First, I would like to say that I did enjoy this book, or at least 80-90% of it. It’s one of those reads that allowed me to get far enough away from my usual outside world. It has its own style, it has humor, it has some interesting characters, and a heroine that at least has some brains.
I wanted to say that I enjoyed this book first, because I tend to focus on the elements that did bother me about it so much it might send the wrong impression.
But there are some things that bothered me that I can’t really let go of:
First and foremost, the ‘everfloating POV’ style. I think it’s also called ‘head-hopping’. When every next paragraph you have to wonder from whose perspective it’s going to be. Or feel like it’s trying to be from everyone’s perspective at the same time. I know that there are many debates on whether this should be considered acceptable or not, and I would not say I had placed myself firmly in either camp before (and had to made myself edit it out of my own writing a couple of times), but I must say that reading a whole book full of did nothing to persuade me in favor of it. It’s a bit too confusing, and feels ‘unprofessional’.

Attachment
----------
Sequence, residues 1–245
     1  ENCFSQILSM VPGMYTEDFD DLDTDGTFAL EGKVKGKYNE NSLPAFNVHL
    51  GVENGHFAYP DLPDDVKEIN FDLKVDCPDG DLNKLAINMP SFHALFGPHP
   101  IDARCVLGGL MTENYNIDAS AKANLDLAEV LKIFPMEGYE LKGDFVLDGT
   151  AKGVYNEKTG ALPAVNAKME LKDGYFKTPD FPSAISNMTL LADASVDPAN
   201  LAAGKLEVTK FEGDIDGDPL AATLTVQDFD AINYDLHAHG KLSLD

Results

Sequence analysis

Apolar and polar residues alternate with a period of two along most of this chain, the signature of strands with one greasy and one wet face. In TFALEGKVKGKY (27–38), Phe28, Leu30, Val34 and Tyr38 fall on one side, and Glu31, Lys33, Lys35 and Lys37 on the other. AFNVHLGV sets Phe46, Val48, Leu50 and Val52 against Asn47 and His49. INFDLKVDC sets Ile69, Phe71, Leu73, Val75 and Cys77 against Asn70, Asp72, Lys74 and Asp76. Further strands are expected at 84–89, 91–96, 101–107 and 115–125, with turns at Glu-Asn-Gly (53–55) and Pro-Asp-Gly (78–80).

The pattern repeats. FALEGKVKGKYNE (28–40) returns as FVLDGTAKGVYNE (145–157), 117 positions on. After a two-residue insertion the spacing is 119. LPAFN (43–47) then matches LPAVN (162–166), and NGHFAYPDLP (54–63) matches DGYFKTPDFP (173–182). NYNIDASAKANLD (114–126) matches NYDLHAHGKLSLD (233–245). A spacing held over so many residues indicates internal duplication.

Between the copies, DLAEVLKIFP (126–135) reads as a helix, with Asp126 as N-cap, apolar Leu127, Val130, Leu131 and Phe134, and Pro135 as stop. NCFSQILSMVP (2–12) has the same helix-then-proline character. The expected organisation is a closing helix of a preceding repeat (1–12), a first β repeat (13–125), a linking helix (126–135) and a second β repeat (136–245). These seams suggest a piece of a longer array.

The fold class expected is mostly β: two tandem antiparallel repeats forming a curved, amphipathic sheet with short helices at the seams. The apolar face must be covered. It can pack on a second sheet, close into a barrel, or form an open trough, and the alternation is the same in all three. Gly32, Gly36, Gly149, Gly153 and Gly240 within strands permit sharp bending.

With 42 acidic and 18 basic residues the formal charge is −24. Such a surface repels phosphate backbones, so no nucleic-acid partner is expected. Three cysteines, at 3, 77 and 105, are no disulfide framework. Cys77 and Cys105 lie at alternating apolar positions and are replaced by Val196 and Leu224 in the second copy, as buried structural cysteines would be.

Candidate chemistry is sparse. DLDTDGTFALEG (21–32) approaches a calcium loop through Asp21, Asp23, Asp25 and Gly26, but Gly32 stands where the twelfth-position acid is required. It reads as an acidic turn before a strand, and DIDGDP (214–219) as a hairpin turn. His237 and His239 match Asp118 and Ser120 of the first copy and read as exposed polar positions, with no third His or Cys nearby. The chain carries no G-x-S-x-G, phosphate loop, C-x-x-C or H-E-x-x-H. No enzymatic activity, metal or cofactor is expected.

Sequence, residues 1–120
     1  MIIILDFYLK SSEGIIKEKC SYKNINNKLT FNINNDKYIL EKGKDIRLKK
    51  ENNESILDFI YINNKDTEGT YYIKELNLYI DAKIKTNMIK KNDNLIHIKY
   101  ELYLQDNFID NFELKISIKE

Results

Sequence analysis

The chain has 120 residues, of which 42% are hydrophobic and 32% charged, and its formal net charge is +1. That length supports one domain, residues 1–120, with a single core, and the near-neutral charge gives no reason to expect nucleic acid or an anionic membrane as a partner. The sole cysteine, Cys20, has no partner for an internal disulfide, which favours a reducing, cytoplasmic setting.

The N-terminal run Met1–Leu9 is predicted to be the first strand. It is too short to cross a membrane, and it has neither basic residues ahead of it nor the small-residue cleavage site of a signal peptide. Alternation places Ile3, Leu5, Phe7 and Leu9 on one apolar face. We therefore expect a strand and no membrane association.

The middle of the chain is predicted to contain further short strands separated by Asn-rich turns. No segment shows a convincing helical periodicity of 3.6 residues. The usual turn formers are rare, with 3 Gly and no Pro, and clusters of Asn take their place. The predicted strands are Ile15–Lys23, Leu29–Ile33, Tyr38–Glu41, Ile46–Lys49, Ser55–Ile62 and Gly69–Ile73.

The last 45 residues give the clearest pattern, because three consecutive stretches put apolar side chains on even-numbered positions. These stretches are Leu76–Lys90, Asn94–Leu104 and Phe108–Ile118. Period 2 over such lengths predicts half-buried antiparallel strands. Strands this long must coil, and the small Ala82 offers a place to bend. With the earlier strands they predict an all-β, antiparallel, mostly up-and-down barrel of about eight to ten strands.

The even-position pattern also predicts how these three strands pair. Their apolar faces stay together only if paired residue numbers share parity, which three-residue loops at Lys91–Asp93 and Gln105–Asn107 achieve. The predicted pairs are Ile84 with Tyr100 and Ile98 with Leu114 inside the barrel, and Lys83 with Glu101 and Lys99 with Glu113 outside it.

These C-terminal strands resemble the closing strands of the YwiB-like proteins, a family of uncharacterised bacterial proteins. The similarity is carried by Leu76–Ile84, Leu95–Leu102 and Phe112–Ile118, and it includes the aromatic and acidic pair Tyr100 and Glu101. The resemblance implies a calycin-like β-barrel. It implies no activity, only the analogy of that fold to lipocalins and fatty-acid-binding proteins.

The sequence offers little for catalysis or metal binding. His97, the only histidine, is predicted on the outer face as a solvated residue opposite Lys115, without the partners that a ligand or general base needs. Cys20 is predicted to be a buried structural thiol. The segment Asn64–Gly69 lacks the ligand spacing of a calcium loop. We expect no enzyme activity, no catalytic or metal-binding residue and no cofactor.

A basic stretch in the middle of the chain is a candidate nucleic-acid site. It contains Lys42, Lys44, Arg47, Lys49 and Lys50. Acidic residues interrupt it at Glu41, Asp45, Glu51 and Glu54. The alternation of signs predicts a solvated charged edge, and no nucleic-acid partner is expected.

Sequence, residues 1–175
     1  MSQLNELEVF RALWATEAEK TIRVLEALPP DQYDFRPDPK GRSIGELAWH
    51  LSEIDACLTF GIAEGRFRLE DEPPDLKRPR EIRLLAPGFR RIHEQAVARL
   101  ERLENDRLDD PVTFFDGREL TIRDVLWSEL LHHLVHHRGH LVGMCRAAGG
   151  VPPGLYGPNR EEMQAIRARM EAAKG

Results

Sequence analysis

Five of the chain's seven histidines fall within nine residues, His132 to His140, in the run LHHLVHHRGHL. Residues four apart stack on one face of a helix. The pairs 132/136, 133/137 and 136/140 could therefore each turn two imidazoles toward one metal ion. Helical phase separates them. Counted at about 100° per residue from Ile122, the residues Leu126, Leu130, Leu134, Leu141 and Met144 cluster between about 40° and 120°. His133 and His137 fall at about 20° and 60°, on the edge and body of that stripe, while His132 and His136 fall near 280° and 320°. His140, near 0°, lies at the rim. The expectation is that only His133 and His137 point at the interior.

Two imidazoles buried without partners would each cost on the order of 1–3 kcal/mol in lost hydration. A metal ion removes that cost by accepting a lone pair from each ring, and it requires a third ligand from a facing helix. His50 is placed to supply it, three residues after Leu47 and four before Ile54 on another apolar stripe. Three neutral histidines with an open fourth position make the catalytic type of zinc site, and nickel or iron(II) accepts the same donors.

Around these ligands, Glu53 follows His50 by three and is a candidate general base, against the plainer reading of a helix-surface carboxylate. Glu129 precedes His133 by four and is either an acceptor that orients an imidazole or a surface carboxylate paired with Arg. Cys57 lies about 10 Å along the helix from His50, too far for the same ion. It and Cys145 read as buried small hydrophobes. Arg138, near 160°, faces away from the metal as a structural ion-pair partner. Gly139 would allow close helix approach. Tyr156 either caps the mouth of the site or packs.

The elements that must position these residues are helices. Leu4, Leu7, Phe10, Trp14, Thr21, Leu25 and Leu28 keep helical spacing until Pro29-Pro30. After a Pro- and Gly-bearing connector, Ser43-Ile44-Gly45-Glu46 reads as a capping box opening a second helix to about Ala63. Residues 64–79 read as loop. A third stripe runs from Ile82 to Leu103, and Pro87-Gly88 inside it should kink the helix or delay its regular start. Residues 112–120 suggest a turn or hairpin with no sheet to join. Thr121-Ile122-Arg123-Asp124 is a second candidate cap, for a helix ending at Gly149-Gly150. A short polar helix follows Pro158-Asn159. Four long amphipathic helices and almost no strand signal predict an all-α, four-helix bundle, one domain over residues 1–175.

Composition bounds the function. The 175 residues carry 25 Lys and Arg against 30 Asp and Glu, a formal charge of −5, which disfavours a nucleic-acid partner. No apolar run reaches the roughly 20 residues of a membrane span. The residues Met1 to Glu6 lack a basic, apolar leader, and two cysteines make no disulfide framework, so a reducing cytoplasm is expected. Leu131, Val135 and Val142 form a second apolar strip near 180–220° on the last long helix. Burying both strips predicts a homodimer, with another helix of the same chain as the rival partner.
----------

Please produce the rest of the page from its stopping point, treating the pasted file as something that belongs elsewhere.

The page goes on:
I also found the beginning of this book to be rather misleading. It lulls you in this sense ‘oh, I’m going to read something light and flimsy, with some fun style’, and, while I don’t want to spoil much by saying in which ways this impression was wrong, I can say that I found some unexpected elements dumped on me hard and fast. Let’s just say that there’s enough angst in it to warn people before they mistakenly pick this book seeking to read something light and worry-free. Or ‘adult’ elements free.
I’m not sure how I feel about the personality of the heroine yet. I just don’t really enjoy people who like to yell and act with their temper before thinking, or enjoy power.